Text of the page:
NAGGW to Rehabilitate 22,000 sqkm of Degraded Land, Improve 20m Livelihoods
The National Agency for the Great Green Wall (NAGGW) has set a target of rehabiliting about 22,000 square kilometres of degraded land across the country.
The Agency, also reiterated its desire and avowed commitment to improving the livelihood of over 20 million Nigerians by the year 2030.
NAGGW’s Director General, Dr. Bukar Hassan, made this known while presenting a paper entitled, “Transforming the Drylands of Nigeria,” noting that following the approval of President Muhammau Buhari, the Agency is accessing the 15% Ecological Fund and the Natural Resource Development Fund for the execution of its programmes and key projects.
He spoke at the “First Stakeholders’ Consultative Forum of the National Alliance for the Great Green Wall for the Sahara and Sahel Initiative (GGWSSI) Programme Implementation,” in Abuja.
He disclosed that NAGGW is already engaged in baseline studies and Environmental Impact Assessment (EIA); community mobilization, sensitization and awareness campaign; afforestation and land management; promotion of alternative livelihoods; rural infrastructure; FAO supported action against aesertification project; and employment generation.
Said Dr. Hassan: “These ongoing programmes and projects include ecological restoration and rehabilitation to enhance the livelihoods of the affected communities and strengthen their resilient to climate change, promotion of climate smart agricultural practices to enhance food security and climate change adaptation; improvement of critical rural infrastructure for enhanced socioeconomic development; and promotion of alternative and efficient sources of rural energy to reduce deforestation and combat climate change.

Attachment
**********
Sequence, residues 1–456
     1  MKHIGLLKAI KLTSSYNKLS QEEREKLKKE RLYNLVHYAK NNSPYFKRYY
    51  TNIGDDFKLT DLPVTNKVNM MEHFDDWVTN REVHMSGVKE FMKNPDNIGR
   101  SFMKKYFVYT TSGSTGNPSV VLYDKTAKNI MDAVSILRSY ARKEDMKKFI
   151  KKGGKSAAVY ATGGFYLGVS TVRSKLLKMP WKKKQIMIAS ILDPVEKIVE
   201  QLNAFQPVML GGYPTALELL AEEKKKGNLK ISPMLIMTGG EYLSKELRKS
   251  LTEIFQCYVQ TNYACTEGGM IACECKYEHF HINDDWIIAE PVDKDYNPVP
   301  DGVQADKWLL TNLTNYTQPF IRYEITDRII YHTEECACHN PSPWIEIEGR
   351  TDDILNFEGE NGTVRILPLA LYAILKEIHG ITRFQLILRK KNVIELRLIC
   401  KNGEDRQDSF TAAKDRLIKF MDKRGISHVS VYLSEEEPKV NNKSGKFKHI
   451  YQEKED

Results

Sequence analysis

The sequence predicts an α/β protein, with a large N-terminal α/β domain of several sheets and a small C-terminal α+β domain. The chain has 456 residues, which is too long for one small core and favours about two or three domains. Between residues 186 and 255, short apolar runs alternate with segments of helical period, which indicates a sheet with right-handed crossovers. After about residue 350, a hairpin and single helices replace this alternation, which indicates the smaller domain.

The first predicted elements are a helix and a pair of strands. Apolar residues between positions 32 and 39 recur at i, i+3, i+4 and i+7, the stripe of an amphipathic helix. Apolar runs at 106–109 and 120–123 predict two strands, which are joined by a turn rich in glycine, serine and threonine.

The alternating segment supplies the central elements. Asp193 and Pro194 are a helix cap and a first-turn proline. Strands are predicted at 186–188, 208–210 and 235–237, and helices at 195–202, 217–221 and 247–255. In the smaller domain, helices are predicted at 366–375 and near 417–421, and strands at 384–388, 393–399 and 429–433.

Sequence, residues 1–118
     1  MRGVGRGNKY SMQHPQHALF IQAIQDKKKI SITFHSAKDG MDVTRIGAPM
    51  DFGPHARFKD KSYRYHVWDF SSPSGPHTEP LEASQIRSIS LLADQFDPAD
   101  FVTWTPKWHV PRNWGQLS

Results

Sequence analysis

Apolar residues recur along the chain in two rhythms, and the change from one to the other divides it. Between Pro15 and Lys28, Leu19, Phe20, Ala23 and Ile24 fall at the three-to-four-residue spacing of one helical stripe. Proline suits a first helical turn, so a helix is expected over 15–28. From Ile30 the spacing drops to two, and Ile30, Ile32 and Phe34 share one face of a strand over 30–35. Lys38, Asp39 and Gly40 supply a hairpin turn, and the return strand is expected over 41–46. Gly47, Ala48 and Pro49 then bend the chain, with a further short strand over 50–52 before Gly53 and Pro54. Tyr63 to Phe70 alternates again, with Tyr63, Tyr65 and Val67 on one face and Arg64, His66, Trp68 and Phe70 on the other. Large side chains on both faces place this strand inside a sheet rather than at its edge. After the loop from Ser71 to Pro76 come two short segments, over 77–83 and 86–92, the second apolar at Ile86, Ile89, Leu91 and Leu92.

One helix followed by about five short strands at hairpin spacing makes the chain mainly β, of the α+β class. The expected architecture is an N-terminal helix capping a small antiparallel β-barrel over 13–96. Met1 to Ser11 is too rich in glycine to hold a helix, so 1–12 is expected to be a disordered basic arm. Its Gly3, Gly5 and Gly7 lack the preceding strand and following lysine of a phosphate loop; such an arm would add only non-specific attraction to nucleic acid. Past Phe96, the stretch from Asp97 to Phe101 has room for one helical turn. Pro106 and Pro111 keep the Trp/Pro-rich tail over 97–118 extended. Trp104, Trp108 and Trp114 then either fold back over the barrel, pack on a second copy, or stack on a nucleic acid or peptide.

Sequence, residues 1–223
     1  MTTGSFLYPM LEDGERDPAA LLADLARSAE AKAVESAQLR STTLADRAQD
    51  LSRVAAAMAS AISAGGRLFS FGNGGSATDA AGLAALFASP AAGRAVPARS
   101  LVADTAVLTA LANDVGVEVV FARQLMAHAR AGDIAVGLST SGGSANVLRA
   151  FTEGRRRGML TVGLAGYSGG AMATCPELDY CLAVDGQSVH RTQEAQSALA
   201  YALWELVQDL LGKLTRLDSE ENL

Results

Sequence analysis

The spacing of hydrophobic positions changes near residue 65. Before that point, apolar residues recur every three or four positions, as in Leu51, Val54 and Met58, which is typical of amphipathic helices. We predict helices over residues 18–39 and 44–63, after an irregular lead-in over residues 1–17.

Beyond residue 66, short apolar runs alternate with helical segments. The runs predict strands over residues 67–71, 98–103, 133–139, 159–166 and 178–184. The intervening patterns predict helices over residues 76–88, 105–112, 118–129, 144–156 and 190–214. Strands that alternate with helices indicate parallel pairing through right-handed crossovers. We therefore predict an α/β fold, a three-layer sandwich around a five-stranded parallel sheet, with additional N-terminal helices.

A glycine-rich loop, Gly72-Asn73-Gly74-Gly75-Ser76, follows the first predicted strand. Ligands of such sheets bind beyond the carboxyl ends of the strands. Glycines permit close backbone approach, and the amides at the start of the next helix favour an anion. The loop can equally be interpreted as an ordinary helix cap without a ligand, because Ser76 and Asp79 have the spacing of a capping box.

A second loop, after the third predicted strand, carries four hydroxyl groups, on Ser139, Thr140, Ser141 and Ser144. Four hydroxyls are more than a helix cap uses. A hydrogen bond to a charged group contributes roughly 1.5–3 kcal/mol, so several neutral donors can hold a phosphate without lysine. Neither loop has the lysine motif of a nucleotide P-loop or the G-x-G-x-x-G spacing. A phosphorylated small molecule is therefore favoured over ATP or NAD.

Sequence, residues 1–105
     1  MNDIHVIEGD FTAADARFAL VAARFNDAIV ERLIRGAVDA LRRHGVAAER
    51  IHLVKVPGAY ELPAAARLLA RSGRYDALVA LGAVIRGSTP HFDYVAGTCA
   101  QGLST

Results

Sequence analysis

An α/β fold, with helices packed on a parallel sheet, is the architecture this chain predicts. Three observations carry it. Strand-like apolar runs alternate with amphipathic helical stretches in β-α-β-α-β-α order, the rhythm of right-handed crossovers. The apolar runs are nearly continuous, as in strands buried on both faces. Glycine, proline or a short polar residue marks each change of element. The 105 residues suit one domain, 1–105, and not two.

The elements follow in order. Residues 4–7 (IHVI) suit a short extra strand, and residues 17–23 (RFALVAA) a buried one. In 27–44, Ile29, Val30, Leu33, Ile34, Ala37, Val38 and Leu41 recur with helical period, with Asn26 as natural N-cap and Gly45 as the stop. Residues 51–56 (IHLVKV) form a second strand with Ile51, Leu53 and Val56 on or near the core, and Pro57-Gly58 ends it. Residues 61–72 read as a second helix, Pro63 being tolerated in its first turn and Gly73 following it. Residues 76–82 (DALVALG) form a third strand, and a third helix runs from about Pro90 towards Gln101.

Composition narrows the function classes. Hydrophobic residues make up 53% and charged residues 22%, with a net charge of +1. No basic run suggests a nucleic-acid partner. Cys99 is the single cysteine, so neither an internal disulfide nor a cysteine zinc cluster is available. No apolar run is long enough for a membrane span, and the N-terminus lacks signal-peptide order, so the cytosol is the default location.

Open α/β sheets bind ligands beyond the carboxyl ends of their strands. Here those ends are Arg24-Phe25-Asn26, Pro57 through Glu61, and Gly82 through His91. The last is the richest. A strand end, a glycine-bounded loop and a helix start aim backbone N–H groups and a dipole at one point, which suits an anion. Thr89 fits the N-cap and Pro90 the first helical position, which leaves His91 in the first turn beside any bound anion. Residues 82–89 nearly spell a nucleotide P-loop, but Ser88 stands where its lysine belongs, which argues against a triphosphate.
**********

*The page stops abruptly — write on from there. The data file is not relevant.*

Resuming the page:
“We shall also embarked on women and youth empowerment and promotion of alternative livelihoods to reduce rural unemployment, social conflicts, forced migration and rural poverty; review and update of baseline information and establishment of functional database on drought and desertification in Nigeria; renovation of Afforestation Programme Coordinating Unit (APCU) facility in Kano (Second phase); and the development of GGW extension services strategy and structures.”
Other ongoing activities as highlighted by the NAGGW helmsman, include strengthening of the existing GIS laboratory for data analysis; launching of public awareness and mobilization campaigns; provide support for research and development; and embarking on the installation of automatic weather stations for real time data collection and informed decision making.
The rest are, establishment of Community Plant Nurseries for the production of tree seedlings; recruitment of Forest Guards; rangeland restoration and development to reduce farmers-herders’ conflict and enhance livestock production in line with government policy; fixation of active sand dunes and oasis Rehabilitation; and trade and capacity building of local communities on natural resources management amongst others activities.
“Some of the challenges being faced in the execution of our activities include insecurity in some states having mass drylands; vandalization of field investments by thieves and other hoodlums; poor community participation; lack of financial contribution from states for the programme implementation; inadequate availability of land in some states for project implementation; and weak institutional capacity, particularly at State, local and community levels,” Dr. Hassan stated.
He advocated for counterpart funding by participating states; establishment of Inter-Ministerial Technical Committee to enhance synergy and technical support; and provision of land by states for project implementation; while also enhancing collaboration with development partners to improve funding, among other workable solutions for the aforementioned challenges.